The Tsetsaut language is an extinct Athabascan language formerly spoken by the now-extinct Tsetsaut in the Behm and Portland Canal area of Southeast Alaska and northwestern British Columbia. Virtually everything known of the language comes from the limited material recorded by Franz Boas in 1894 from two Tsetsaut slaves of the Nisga'a, which is enough to establish that Tsetsaut formed its own branch of Athabaskan. It is not known precisely when the language became extinct. One speaker was still alive in 1927. The Nisga'a name for the Tsetsaut people is "Jits'aawit"
The Tsetsaut referred to themselves as the Wetaŀ. The English name Tsetsaut is an anglicization of [tsʼətsʼaut], "those of the interior", used by the Gitxsan and Nisga'a to refer to the Athabaskan-speaking people to the north and east of them, including not only the Tsetsaut but some Tahltan and Sekani.
Boas, Franz, and Pliny Earle Goddard (1924) "Ts'ets'aut, an Athapascan Language from Portland Canal, British Columbia." International Journal of American Linguistics, vol. 3, no. 1, pp. 1–35.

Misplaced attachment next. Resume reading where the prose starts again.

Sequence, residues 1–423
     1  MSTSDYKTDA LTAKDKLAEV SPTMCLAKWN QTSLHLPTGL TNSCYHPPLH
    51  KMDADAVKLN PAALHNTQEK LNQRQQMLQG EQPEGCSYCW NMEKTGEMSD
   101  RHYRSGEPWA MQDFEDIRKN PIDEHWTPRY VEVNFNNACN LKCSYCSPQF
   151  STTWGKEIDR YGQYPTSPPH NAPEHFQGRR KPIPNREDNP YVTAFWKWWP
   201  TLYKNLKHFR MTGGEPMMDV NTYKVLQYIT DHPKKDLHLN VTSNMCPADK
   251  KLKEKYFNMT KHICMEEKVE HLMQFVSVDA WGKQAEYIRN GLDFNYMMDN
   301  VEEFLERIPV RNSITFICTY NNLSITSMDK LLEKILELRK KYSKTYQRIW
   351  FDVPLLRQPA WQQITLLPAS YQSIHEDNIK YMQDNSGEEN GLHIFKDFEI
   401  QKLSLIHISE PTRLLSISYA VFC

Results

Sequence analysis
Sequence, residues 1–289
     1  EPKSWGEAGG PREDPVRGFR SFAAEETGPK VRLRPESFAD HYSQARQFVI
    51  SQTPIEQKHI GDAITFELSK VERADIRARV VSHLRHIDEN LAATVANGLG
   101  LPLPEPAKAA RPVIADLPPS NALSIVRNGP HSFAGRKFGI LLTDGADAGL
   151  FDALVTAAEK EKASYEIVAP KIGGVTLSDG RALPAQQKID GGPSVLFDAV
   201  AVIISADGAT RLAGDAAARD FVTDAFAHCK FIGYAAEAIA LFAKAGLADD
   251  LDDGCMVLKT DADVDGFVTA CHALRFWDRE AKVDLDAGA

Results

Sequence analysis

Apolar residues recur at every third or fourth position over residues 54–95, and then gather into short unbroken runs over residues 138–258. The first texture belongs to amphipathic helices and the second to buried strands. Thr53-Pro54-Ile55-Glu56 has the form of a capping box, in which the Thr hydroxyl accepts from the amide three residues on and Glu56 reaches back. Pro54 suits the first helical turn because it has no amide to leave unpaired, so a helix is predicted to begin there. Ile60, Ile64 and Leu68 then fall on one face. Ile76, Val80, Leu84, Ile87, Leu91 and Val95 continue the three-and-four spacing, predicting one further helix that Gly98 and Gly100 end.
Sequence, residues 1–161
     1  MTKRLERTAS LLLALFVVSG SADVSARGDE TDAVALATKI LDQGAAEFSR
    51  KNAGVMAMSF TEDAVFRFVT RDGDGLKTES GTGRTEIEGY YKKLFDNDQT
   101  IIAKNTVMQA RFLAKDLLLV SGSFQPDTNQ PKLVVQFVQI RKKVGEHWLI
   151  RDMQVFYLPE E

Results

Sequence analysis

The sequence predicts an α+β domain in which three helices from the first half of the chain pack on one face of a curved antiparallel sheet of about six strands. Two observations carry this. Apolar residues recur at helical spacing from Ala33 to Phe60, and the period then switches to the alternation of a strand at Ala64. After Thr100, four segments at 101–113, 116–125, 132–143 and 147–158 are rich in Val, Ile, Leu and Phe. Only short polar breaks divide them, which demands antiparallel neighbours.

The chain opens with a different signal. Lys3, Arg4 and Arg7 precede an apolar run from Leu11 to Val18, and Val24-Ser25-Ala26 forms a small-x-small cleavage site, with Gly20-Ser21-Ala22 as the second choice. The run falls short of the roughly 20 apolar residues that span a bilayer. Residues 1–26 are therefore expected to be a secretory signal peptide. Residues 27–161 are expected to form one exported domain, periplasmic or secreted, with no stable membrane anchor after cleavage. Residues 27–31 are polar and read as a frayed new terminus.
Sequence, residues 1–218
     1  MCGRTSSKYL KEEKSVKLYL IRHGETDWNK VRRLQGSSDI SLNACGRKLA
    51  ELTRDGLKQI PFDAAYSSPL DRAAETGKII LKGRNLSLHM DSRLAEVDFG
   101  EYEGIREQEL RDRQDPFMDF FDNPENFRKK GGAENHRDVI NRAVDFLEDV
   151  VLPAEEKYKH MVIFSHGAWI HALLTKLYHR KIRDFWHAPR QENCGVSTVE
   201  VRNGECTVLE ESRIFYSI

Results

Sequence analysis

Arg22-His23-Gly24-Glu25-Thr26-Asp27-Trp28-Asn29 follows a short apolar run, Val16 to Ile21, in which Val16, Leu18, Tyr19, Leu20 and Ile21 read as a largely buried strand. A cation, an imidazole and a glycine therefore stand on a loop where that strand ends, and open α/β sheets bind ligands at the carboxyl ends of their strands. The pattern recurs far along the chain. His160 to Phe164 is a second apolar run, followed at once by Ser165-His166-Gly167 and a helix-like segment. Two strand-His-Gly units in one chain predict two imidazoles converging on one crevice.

Collison, W. H. (1915) In the Wake of the War Canoe: A Stirring Record of Forty Years' Successful Labour, Peril and Adventure amongst the Savage Indian Tribes of the Pacific Coast, and the Piratical Head-Hunting Haida of the Queen Charlotte Islands, British Columbia. Toronto: Musson Book Company. Reprinted by Sono Nis Press, Victoria, B.C. (ed. by Charles Lillard), 1981.
Dangeli, Reginald (1999) "Tsetsaut History: The Forgotten Tribe of Southern Southeast Alaska." In: Alaska Native Writers, Storytellers & Orators: The Expanded Edition, ed. by Ronald Spatz, Jeane Breinig, and Patricia H. Partnow, pp. 48–54. Anchorage: University of Alaska.
^Hammarström, Harald; Forkel, Robert; Haspelmath, Martin, eds. (2017). "Tsetsaut". Glottolog 3.0. Jena, Germany: Max Planck Institute for the Science of Human History.